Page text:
Chembio Diagnostics chief executive John J. Sperzel at a company...

Chembio Diagnostics chief executive John J. Sperzel at a company laboratory in Medford on Oct. 28, 2014. Credit: Newsday / John Paraskevas

Chembio Diagnostics Inc. Thursday reported losses that more than quadrupled in the April-June period compared with a year earlier as sales fell and operating expenses rose.

The Medford-based manufacturer of rapid tests for HIV and syphilis said losses totaled $664,000 in the three months ended June 30. That compares with a loss of $146,000 in the same quarter in 2014.

Sales in the period fell more than 9 percent to $6.7 million.

Despite the lower results, Chembio chief executive John J. Sperzel III expressed confidence in the potential for the company's point-of-care testing technology, called DPP. He said it "offers industry-leading sensitivity and specificity, and the ability to test simultaneously for multiple diseases with a single patient sample."

Under Sperzel, Chembio has developed a U.S. sales team and expanded use of its tests beyond HIV to research projects involving an undisclosed form of cancer, Ebola and tropical diseases.

In a teleconference with stock analysts, he said the company will deliver a combination test for Ebola and malaria to the federal Centers for Disease Control and Prevention for evaluation by Sept. 30. He also said clinical trials for a combined HIV and syphilis test will begin before year's end.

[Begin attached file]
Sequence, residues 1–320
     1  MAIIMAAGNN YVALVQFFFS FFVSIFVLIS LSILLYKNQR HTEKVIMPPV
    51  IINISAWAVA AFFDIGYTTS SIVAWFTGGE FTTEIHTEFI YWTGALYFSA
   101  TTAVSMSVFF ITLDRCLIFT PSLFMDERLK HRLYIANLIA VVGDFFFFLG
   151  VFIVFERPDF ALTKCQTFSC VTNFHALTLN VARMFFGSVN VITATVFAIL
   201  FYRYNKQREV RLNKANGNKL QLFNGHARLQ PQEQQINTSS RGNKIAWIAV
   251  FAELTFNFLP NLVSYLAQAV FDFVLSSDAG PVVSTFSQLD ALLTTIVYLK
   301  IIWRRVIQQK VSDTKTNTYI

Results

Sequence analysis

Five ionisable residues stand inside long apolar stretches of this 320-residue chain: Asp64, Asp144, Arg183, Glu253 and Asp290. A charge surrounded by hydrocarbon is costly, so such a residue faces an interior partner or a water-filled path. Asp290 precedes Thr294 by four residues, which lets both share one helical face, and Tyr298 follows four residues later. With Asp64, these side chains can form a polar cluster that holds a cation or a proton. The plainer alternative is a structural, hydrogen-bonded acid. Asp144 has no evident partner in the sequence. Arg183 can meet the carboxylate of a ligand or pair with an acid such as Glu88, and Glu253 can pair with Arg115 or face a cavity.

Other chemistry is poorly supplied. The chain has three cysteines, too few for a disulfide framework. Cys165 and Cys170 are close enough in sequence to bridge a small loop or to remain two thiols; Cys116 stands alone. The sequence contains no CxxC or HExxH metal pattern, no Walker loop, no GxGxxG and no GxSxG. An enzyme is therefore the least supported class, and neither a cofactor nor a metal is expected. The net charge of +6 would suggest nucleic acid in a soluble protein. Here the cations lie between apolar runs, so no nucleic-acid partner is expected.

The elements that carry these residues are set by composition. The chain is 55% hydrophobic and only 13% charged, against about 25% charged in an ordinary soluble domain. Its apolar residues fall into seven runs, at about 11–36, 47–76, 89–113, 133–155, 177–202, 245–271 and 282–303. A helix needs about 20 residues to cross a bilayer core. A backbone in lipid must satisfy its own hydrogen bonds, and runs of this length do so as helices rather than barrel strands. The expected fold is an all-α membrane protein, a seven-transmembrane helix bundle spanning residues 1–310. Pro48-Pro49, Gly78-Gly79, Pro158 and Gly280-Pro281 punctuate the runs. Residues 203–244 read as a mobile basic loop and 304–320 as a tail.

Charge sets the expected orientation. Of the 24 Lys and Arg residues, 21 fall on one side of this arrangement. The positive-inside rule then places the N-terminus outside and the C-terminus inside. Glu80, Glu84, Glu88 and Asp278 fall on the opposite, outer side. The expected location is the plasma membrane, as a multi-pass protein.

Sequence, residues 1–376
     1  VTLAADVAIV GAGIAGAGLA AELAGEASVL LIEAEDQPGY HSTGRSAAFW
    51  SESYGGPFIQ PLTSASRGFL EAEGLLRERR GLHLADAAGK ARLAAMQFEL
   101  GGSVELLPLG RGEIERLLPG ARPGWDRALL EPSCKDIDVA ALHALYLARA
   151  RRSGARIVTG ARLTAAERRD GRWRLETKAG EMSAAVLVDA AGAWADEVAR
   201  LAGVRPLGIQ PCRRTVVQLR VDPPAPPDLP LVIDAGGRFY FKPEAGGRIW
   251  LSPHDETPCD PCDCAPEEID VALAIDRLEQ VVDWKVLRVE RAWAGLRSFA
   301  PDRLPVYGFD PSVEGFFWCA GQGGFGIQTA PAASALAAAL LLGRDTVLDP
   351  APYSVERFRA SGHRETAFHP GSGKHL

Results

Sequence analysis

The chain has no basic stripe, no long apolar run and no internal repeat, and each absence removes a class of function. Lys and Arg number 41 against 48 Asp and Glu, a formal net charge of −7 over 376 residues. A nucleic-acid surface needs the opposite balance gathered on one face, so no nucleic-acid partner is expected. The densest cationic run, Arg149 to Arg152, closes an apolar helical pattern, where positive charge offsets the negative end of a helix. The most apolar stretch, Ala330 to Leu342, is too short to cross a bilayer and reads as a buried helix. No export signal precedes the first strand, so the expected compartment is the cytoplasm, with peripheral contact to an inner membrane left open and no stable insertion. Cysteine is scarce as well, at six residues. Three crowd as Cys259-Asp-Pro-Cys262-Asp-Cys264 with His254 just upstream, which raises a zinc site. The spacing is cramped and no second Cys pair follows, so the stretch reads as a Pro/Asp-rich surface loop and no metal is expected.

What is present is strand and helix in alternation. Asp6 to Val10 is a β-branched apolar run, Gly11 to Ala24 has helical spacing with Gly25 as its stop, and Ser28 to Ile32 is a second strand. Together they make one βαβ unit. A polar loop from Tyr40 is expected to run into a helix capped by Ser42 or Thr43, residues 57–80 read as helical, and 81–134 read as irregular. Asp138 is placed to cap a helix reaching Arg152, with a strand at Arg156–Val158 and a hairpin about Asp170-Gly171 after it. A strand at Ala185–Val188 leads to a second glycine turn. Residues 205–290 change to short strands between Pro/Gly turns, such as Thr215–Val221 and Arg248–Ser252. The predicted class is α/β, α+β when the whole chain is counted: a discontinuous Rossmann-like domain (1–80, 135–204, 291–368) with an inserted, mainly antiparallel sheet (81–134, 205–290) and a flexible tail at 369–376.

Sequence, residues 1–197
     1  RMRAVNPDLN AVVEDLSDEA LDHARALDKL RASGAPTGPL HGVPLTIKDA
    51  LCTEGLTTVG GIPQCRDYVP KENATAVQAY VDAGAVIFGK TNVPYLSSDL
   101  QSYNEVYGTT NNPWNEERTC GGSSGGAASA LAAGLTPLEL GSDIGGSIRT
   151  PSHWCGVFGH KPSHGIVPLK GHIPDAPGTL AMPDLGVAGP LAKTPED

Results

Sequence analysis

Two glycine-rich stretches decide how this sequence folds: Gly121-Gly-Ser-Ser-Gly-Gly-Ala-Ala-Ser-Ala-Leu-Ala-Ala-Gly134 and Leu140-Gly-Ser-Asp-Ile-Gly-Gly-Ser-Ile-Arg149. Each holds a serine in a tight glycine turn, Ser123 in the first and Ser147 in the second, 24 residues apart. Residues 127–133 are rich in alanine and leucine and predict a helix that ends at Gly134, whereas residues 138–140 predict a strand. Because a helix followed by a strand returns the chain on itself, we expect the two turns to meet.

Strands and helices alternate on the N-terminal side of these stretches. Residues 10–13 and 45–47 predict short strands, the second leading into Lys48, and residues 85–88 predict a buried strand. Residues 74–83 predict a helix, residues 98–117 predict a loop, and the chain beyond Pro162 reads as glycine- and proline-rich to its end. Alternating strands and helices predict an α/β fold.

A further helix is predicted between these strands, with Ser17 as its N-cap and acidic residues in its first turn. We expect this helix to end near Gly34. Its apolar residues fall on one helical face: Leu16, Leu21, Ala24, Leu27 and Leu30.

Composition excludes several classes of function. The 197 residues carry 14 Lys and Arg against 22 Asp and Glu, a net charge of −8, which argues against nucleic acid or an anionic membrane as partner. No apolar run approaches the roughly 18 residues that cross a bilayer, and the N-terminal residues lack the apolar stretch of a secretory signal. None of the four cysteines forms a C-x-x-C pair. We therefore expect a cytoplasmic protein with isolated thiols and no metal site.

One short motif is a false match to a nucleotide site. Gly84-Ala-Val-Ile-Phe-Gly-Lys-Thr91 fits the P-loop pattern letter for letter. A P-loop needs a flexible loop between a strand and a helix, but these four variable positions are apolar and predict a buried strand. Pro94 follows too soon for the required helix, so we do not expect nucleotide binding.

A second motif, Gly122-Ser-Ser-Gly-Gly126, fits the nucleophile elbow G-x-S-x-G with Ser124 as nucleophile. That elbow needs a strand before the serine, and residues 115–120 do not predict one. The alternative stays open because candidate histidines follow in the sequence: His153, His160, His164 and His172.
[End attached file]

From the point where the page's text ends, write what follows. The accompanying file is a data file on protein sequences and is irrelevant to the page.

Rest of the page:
Chembio's revenue from research, grants and royalty payments increased in the second quarter, helping to offset a 13 percent drop in sales of the rapid tests.

Chembio's cash on June 30 was $1.6 million compared with $4.6 million at the end of 2014.

The company said the reduction "was primarily due to net cash used in operating activities of $2.17 million, as well as investing activities to fund the purchase of a license and deposits on and the purchase of fixed assets of $880,000."

Chief financial officer Richard J. Larkin said in the conference call that Chembio could borrow up to $2 million from HSBC if need be.

Larkin also said Chembio is working to reduce its accounts receivable balance, which is "double our historical levels."

Sperzel said he had met with an unidentified customer and is confident payments would be forthcoming by year's end.

Chembio shares closed down 8 cents, or 1.6 percent, to $4.92 on the Nasdaq Stock Market Thursday.

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